Brexit and the challenges facing the European Union: Speech to the Institute of International and EuropeanAffairs

30th January, 2017

Good afternoon everyone. I am delighted to be here today to speak to you and with you about Brexit, the EU and Irish prospects, and I am particularly pleased that we are in here on the northside of Dublin, in my own constituency, to do so.


We can’t trust the evening news. We can’t trust our politicians. Our universities, the gateway to a better life, are rigged against us. We can’t get jobs. … This isn’t some libertarian mistrust of Government policy. This is a deep scepticism of the very institutions of our society.


This quote is from ‘Hillbilly Elegy’, last year’s seminal book from JD Vance on American politics and culture. As it is in America, so too it is in Europe.


These views are entirely consistent with what we heard from some during the Brexit referendum.


Indeed Bruegel, the Brussels-based economic think-tank, recently published an analysis of the referendum that showed ‘a 1 per cent higher poverty rate boosted the share of ‘leave’ votes by 1 percentage point’,going on to say that ‘the result highlights poverty as a determinant of ‘leave’ votes’.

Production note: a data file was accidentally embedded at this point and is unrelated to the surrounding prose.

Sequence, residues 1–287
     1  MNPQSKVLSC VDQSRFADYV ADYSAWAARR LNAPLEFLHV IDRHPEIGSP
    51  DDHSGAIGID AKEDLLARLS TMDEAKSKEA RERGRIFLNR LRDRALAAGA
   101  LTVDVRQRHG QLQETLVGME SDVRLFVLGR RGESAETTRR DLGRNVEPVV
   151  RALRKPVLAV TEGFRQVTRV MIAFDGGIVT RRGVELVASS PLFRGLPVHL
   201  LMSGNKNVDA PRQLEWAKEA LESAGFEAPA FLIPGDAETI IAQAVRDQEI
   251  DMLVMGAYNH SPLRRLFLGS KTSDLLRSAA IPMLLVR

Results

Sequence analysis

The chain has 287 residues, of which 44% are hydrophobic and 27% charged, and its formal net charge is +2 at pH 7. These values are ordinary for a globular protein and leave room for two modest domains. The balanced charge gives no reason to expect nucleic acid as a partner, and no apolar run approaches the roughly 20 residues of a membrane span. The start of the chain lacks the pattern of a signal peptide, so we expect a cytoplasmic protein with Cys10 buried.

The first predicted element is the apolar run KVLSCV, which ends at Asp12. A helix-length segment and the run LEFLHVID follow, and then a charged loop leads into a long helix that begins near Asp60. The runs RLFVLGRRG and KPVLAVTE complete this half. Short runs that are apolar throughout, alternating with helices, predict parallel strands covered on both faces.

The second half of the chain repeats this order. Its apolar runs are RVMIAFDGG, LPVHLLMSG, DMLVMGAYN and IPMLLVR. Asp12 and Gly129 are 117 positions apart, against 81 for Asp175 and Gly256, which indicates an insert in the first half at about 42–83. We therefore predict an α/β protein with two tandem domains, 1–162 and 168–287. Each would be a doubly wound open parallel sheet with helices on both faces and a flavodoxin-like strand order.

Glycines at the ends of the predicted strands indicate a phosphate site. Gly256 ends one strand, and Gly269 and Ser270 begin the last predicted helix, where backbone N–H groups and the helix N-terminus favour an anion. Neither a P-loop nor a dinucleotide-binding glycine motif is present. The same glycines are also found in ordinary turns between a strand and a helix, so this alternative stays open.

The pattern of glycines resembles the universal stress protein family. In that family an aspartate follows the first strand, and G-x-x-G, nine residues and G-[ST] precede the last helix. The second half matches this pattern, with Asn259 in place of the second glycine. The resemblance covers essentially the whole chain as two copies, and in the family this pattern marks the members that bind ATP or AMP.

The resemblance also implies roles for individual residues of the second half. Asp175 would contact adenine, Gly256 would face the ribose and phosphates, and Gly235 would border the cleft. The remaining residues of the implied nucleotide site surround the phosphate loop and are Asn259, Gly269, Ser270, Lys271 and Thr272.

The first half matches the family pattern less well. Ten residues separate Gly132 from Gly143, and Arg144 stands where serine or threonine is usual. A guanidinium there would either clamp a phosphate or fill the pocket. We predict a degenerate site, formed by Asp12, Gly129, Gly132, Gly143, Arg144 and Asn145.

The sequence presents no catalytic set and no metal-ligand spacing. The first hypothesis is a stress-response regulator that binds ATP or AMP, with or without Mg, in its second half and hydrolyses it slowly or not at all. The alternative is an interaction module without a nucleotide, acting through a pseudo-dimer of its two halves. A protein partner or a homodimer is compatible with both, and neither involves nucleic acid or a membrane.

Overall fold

Our task in the months and years that lie ahead, in a post-Brexit world, is nothing less than to restore trust in the institutions that underpin our society and economy and show that they can and do work.




To show that Europe can work, however, we must recognise the stark reality of what has happened.


At many points in the last 12 months, many of us, myself included, may have remarked that ‘we could not believe’ that things would occur as they did.

–          The fragmentation of Dáil Éireann that, for a time, looked like it might make it too difficult to form a Government.

–          The decision by a majority of the British people to leave the EU.

–          The election of now President Trump on a policy platform and with a campaigning and governing style different to anything we have seen in recent American politics.


There have been acres and hours of comment on these electoral outcomes.


What is less frequently commented upon is the economic context within which this is happening.


This context is that national income growth and employment growth are all realities here, in Britain and in the United States.


It is an empirical fact that more of us are working and fewer of us are on the dole than was the case in 2008 and 2009 when the world economy was so severely derailed.


Two million jobs were created in Britain between 2010 and 2015.


In the United States, 11 million jobs were created under President Obama.